TEN THINGS YOU NEED TO KNOW ABOUT MANGROVE FORESTS
SOME OF THE MOST IMPORTANT ECOSYSTEMS ON EARTH, MANGROVE FORESTS CAN ABSORB A LOT OF CARBON FROM THE ATMOSPHERE.
HERE ARE THE TEN MOST PERTINENT FACTS ABOUT MANGROVE FORESTS…
Mangroves are some of the most important ecosystems on Earth.
Mangrove forests grow in intertidal zones and estuary mouths between land and sea. They anchor and protect coastal ecosystems and make up a transitional zone between land and ocean, connecting and supporting both environments.
Most mangroves live on muddy soils, but they also can grow on sand, peat, and coral rock.
Mangroves vary in height from small shrubs to 40-metre-tall trees.
Mangrove forests are comprised of salt-tolerant plant species that are highly adapted to their environment of highly saline water and soil. Mangroves have specially adapted aerial and salt-filtering roots and salt-excreting leaves which enable them to occupy saline wetlands where other plant life cannot survive.
Some mangroves have unique “breathing roots”, called “pneumataphores”. They contain pores called “lenticles” through which the plants absorb oxygen. They are not active during high tide, when they are submerged. These delicate lenticels are highly susceptible to clogging by pollutants (such as oil), damage from parasites and prolonged flooding. Over time, environmental stress can kill large swathes of mangrove forest.
The largest remaining tract of mangrove forest in the world is found in the Sundarbans on the edge of the Bay of Bengal.
There are 54 to 75 species of mangroves worldwide, with the greatest mangrove diversity found in Southeast Asia.
Mangrove forests are essential nursery grounds for all kinds of marine life including fish, rays, and invertebrates.
They also provide critical habitat for a number of threatened and endangered species including manatees, tigers, and hundreds of species of birds.
Mangroves reproduce through a process known as “viviparity”.
During this process, the “embryos” will germinate on the trees themselves. These are called “propagules”. During this phase, these propagules gain essential nutrients from the parent tree that prepare them for the next phase of their growth.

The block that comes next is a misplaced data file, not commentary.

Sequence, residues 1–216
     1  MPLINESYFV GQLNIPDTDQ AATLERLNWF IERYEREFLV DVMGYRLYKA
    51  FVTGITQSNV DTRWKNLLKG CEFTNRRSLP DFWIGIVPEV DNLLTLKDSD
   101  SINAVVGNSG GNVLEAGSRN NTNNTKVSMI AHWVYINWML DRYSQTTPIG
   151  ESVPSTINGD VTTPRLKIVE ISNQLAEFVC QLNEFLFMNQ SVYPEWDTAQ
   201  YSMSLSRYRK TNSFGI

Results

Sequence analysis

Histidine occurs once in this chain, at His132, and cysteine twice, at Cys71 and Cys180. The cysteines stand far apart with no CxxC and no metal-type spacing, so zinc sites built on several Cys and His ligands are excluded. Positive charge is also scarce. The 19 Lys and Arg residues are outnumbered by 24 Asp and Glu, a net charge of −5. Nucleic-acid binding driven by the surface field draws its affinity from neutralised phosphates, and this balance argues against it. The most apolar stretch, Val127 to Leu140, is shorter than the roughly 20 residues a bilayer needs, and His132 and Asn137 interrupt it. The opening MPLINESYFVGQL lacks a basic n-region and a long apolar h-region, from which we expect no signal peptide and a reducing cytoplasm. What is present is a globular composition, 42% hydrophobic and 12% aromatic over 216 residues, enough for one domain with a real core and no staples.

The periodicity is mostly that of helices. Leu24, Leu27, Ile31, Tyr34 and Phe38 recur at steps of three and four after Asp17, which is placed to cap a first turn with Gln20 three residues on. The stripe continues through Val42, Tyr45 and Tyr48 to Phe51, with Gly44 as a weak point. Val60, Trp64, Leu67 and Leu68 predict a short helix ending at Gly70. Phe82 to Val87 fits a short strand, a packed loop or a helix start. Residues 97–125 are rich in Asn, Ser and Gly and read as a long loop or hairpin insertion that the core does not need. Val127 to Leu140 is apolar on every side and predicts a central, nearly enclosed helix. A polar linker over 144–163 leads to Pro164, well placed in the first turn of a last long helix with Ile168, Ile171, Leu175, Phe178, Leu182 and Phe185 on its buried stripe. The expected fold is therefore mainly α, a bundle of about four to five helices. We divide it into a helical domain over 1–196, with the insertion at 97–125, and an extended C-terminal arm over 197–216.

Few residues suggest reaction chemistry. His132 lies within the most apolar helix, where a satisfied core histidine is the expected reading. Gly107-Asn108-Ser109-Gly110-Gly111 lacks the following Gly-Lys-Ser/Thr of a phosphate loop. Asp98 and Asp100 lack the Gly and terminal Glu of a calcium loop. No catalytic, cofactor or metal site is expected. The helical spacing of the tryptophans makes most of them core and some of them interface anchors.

The propagules will then drop into the water beneath the tree, and may take root there, or they may float for a period of time, dispersing to another area.
Recent research shows that mangroves are incredible carbon sinks, sequestering more carbon than any of their terrestrial counterparts. Mangrove forests sequester approximately 1.5 metric tons/hectare/year of carbon.
Mangroves protect coasts from erosion and from violent storms and provide a host of economic benefits and ecosystem services to human communities.
Mangrove forests are found between the latitudes of 32°N and 38°S, along the tropical and subtropical coasts of Africa, Australia, Asia, and the America’s.
The distribution of mangrove forests is mostly determined by sea level and its fluctuations. Other factors are air temperature, salinity, currents, weather patterns, shore slope, and soil substrate.
More than one in six mangrove species worldwide are in danger of extinction as a result of a number of factors, including coastal development, climate change, logging and agriculture.
We have already lost over half of the world’s original mangrove forest area, estimated at 32 million hectares (approx. 80 million acres).
About half of mangrove loss has occurred in the last 50 years, mostly in the last two decades, due to…
• Shrimp Farming
• Expansion of Agriculture
• Marinas and Ports
• Other Coastal Environment Development
The current rate of mangrove loss is approximately 1% per annum (according to the Food and Agriculture Organization – FAO), or roughly 150,000 hectares (approx. 370,000 acres) of mangrove wetlands lost each year.